Isaac Asimov is one of the most varied men of our time—biochemist, popularizer of science, and legendary science fiction writer. His astonishing productivity—more than 180 books published to date—has resulted in some of science fiction’s monumental works: his classic Foundation Trilogy, his brilliant fusion of SF and the mstery story in The Caves of Steel and The Naked Sun, and his remarkable robot stories.
This book is intended to broaden the reader’s perspectives about Asimov’s science fiction. Some of these perspectives are favorable, while others are critical; some are theoretical, while others are descriptive and “practical.” But each contributor aims to share a particular point of view about Asimov’s science fiction. In a delightful and informative afterword, Isaac Asimov responds with his own “Asimov’s Guide to Asimov.”
This is a collection of critical analyses of Asimov’s work by genuine literary critics. It is part of Taplinger’s Writers of the 21st Century Series, of which I have read no other volumes. It is therefore impossible for me to gague the book on the basis of its place within the series.
It should be noted that the book was published before Asimov’s lengthy collaboration with Greenberg (and often Ollander) on various science fiction anthologies.
The book consists of nine essays by various authors and an afterword by Asimov himself, “Asimov’s Guide to Asimov,” which I do not believe is otherwise available. One of the essays is a chapter from Joseph F. Patrouch’s excellent Science Fiction of Isaac Asimov. The others are all generally good and worth reading. Two, however, are standouts for not entirely positive reasons.
One is Maxine Moore’s “The Use of Technical Metaphors in Asimov’s Fiction,” which is an attempt to extract from Asimov’s work an implied electronic meaphor which simply doesn’t exist.
The other is Charles Elkins’ “Asimov’s Foundation Novels: Historical Materialism Distorted into Cyclical Psychohistory.” This essay is frequently cited by other authors (e.g., Brian W. Aldiss’ in The Trillion-Year Spree) and is the only one whose thesis is specifically addressed by Asimov in his afterword to the whole book.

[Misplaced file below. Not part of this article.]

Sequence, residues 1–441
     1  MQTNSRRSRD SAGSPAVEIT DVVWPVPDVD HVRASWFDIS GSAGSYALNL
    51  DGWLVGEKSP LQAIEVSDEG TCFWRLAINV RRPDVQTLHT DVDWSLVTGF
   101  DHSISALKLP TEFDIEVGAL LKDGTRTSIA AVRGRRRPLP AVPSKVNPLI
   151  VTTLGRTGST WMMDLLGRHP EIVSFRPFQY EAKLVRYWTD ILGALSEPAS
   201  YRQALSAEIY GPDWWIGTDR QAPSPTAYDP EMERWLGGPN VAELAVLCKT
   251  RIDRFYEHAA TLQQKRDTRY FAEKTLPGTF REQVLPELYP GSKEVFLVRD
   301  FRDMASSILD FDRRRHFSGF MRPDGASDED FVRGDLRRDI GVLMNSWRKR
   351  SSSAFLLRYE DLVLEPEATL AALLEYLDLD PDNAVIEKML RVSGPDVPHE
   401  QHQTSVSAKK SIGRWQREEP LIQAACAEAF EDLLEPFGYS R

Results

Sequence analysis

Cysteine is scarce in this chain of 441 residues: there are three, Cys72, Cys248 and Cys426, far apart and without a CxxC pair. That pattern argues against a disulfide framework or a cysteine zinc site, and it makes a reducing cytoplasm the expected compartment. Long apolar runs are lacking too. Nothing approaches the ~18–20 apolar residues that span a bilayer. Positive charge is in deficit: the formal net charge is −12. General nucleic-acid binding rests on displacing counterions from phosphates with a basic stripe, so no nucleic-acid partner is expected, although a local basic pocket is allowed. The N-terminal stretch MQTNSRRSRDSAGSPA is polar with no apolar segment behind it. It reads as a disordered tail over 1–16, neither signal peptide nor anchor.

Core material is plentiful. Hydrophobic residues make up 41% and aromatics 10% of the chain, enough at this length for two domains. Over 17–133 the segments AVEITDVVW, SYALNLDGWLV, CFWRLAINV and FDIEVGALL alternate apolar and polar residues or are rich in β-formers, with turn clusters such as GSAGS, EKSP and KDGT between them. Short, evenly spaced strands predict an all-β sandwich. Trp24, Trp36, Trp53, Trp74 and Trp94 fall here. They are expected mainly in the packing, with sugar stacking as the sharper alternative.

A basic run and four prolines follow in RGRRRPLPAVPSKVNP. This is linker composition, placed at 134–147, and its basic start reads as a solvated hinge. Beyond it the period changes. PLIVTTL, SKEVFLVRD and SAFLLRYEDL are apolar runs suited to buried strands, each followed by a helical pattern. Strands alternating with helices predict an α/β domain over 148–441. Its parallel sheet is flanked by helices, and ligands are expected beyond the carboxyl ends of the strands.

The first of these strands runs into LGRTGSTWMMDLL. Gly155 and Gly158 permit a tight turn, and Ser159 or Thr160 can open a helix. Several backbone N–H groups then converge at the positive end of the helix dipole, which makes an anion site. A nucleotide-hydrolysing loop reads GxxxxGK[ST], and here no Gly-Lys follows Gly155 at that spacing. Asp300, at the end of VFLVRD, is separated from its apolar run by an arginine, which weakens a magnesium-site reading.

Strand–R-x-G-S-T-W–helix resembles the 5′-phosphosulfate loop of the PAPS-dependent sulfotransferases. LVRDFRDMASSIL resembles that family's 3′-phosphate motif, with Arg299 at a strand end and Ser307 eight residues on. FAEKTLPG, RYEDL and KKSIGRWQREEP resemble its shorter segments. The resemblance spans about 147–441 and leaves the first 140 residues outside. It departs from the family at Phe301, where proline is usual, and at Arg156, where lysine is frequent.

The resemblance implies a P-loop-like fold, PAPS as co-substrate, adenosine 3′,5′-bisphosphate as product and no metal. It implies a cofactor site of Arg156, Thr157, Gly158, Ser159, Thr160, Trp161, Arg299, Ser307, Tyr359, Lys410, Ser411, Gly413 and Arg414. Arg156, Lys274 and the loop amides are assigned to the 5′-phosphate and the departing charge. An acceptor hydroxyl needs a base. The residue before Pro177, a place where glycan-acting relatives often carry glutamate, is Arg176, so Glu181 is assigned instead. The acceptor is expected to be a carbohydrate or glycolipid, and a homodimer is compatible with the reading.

Elkins starts out with a savage attack on the Foundation series. “From just about any formal perspective, the Foundation trilogy is seriously flawed,” he says. “Stylistically, the novels are diasters, and Asimov’s ear for dialogue is simply atrocious. The characters speak with a monotonous rhythm and impoverished vocabulary characteristic of American teenagers’ popular reading in the Forties and Fifties…” And so on.
So why, he wonders, are they so popular? Taking a clue from a description of the Futurians by Donald A. Wolheim, Elkins posits that Asimov was influenced by the watered-down version of Marxist thinking popular in some American intellectual circles in the 1930’s. That this isn’t true Marxism Elkins shows at some length—and thank goodness for that, at least, as I have never been able to follow Marxist philosophy when I’ve attempted to read it. In attempting to follow Marxism, however, Asimov fails (as he doesn’t understand it) and only manages to embody the kind of anti-Marxist thinking that Marxism is intended to supercede.
Elkins essay is an important one, but personally I think he’s way off base. If Asimov fails criteria for literary excellence yet maintains popularity the answer is much simpler than Elkins seems to be willing to admit: most people care about good story-telling and not about literary excellence. Good story-telling can cover a plethora of literary sins. This is particularly true in sf where some of the consistently most popular writers such as Asimov, Heinlein, and Clarke, are nowhere near the literary quality of authors such as Sturgeon, Ellison, and Bradbury and yet continue to sell when the others are forgotten—not, I hope, that anybody has actually forgotten Sturgeon, Ellison, or Bradbury. And, of course, the most recent example of a writer who has been hugely successful despite the disdain of many literary critics is J.K. Rowling.
(Asimov himself once took me to task for criticizing him when he praised Edgar Rice Burroughs, and rightly so. Burroughs, he told me, was a good story-teller, and that matters a great deal.)
The book as a whole is a very good one and worth having. It’s rather dated as a third of a century has passed and some of Asimov’s more important works have been published in the time since. It’s definitely something the Asimov fan should own.